On average, ProHealth Care sees 500 stroke patients a year between Waukesha Memorial Hospital and Oconomowoc Memorial Hospital. In 2014, more than half were individuals impacted by ischemic strokes. In 2013, ProHealth Care was the first system in Waukesha County to introduce mechanical thrombolysis, which uses a catheter to extract cerebral blood clots, thereby reducing the risk of brain damage in stroke patients. The program administers tPA and performs mechanical thrombolysis at a higher rate than other hospitals in the state, and nation.

Veronica Laak, ProHealth Care’s Stroke Program coordinator and nurse practitioner, met with Dr. MacGillis during the five days he was in the hospital, and afterward in the stroke and transient ischemic attack follow-up program.

“He had responded to the IV tPA, but still had aphasia,” says Laak, referring to a disorder caused by an injury to the part of the brain that controls the ability to speak.

Laak referred Dr. MacGillis to outpatient speech therapy, helped reconcile and coordinate his medications and helped address the irregular heart rhythm that led to the stroke. He returned to Waukesha Memorial in October and Vicken Vorperian, MD, an electrophysiologist with ProHealth Heart & Vascular Care, performed a cardiac ablation procedure to correct his arrhythmia.

“Dr. MacGillis is an excellent patient and is very eager to get back to his previous life,” Laak says.

And what a life it is.

A lifelong athlete, Dr. MacGillis trains and swims competitively in the U.S. and Wisconsin Masters Program. Less than two weeks before his stroke he competed in a major meet, swimming in both individual and relay events, winning most and even setting record times.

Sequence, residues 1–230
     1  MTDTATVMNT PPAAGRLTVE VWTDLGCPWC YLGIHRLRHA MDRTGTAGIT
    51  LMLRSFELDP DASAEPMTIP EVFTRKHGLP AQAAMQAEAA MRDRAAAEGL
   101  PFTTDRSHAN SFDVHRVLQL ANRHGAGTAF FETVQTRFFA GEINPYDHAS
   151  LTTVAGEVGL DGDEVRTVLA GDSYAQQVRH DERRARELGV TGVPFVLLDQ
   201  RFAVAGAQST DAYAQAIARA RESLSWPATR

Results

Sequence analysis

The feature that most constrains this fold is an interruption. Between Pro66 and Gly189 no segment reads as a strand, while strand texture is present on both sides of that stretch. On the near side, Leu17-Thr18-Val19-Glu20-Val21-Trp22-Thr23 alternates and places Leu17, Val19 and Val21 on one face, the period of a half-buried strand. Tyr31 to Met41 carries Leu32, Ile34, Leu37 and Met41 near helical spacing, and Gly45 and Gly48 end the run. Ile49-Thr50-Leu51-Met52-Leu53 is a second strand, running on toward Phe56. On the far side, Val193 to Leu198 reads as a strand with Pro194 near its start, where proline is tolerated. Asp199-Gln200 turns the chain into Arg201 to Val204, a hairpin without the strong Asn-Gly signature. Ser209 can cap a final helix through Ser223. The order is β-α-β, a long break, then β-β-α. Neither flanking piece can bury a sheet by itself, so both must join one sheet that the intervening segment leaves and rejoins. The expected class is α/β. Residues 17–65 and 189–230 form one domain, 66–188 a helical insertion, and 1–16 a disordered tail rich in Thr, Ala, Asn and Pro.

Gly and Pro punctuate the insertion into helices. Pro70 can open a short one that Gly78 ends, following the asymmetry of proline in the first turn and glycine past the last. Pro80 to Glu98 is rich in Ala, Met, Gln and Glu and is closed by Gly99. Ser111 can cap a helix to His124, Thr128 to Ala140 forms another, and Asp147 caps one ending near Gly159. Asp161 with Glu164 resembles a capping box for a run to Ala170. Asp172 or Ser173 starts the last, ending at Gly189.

He stays busy professionally, too. After retiring from private practice, he worked at the VA as a urologist until 2014, and afterwards as a volunteer until his stroke. He now is on medical leave from the VA.

“Dr. MacGillis is a very determined man and wanted to take an active role in his recovery,” says Laak, who has a special interest in stroke patients – in part, because she is one.

Six years ago, when she was just 25 and the mother of a 4-month-old, she was working third shift as a nurse at Waukesha Memorial.

“I suddenly had left-side weakness and was speaking gibberish,” she explains. “My co-worker recognized what it was right away.”

“I, too, was a candidate for IV tPA and was given the medication,” she says. “My recovery went well. But like Dr. MacGillis, I still feel like I sometimes have trouble getting the words out.”

Laak says she has made it her goal to provide support and information for stroke patients and their families.

“With the right care, a stroke patient can go back to leading a full and rewarding life,” she says.

Dr. MacGillis is on that road right now.

With speech therapy, his aphasia has improved significantly.

“I’m told it might take a full year for it to go away completely, but it’s much better,” he says. He anticipates going back to helping out at the VA in early 2016.

With his doctors’ consent, he already has resumed swimming, but has started out slowly.

“I would say right now I am about 90 percent recovered,” he says. “It’s just the aphasia that keeps me from being 100 percent, and that’s a little frustrating.

“But, God willing, in no time I will be working and swimming just like before, as if it never happened.”